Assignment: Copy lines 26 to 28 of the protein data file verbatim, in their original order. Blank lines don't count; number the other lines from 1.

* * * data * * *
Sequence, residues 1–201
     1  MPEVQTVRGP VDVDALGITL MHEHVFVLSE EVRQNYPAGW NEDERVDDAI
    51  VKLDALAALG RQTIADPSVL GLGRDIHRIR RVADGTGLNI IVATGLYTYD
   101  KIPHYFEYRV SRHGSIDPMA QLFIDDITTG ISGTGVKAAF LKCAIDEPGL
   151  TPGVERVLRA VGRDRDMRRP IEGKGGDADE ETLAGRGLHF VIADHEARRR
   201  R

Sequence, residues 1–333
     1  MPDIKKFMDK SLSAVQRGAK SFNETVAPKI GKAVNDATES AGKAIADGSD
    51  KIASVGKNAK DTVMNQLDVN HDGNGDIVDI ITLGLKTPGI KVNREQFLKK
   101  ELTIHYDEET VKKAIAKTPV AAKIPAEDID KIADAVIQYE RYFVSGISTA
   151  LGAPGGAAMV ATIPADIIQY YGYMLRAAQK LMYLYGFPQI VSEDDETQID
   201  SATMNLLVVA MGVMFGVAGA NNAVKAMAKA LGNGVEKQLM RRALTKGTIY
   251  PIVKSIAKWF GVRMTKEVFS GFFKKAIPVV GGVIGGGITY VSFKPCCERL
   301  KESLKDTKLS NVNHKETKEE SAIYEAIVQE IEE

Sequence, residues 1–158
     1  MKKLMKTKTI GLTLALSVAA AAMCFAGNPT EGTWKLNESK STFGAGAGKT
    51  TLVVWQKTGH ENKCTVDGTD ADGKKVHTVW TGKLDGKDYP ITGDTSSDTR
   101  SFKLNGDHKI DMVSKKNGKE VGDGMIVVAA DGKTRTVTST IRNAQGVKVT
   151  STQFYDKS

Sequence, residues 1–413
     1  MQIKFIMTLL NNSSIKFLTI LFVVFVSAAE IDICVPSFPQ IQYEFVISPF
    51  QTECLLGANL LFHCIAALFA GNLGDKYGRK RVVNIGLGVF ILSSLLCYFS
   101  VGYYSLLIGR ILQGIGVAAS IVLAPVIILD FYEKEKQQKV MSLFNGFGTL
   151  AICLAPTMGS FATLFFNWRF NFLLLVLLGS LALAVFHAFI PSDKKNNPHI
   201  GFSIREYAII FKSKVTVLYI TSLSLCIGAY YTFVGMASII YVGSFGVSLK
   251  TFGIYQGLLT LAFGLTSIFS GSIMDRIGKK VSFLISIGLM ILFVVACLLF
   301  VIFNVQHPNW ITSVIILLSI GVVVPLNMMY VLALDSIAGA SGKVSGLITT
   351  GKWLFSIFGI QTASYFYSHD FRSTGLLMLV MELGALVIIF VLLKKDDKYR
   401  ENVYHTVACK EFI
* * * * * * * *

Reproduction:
   251  TFGIYQGLLT LAFGLTSIFS GSIMDRIGKK VSFLISIGLM ILFVVACLLF
   301  VIFNVQHPNW ITSVIILLSI GVVVPLNMMY VLALDSIAGA SGKVSGLITT
   351  GKWLFSIFGI QTASYFYSHD FRSTGLLMLV MELGALVIIF VLLKKDDKYR